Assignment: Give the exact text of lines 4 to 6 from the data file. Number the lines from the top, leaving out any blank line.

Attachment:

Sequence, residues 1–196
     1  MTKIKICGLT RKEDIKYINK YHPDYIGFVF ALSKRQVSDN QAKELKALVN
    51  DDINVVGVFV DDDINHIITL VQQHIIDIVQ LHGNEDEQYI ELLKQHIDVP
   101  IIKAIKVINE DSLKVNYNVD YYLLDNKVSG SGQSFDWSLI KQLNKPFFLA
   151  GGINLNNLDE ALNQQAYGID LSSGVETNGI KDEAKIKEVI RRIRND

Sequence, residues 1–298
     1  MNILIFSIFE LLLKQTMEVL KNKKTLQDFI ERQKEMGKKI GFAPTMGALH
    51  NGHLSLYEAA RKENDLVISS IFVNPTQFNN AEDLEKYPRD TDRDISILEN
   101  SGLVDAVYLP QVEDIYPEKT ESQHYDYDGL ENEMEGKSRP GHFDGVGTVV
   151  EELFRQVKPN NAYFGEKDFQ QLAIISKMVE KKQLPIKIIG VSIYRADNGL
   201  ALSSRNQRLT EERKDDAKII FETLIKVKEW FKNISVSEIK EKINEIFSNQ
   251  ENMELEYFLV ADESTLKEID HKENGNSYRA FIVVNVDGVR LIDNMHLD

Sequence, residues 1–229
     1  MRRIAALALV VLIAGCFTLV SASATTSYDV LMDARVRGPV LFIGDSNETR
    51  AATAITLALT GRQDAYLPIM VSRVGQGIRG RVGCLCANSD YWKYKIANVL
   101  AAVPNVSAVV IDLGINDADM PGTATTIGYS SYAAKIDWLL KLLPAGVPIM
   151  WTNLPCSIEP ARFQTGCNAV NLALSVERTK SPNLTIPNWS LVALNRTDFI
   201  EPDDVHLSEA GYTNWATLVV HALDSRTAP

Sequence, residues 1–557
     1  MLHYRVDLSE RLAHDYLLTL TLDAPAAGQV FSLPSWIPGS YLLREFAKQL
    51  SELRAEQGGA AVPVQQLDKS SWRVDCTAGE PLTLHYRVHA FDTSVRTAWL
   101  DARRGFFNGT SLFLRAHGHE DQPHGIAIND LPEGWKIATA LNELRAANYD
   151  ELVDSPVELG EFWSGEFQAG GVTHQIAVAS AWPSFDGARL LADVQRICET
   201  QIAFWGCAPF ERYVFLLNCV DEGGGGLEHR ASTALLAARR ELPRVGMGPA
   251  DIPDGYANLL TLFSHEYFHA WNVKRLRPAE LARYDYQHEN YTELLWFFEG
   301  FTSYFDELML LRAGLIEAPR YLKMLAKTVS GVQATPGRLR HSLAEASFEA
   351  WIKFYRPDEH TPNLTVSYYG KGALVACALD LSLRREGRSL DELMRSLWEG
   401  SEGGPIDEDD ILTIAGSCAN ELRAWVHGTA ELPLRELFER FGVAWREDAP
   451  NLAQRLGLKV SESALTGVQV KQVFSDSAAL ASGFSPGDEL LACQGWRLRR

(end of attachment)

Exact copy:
   101  IIKAIKVINE DSLKVNYNVD YYLLDNKVSG SGQSFDWSLI KQLNKPFFLA
   151  GGINLNNLDE ALNQQAYGID LSSGVETNGI KDEAKIKEVI RRIRND

Sequence, residues 1–298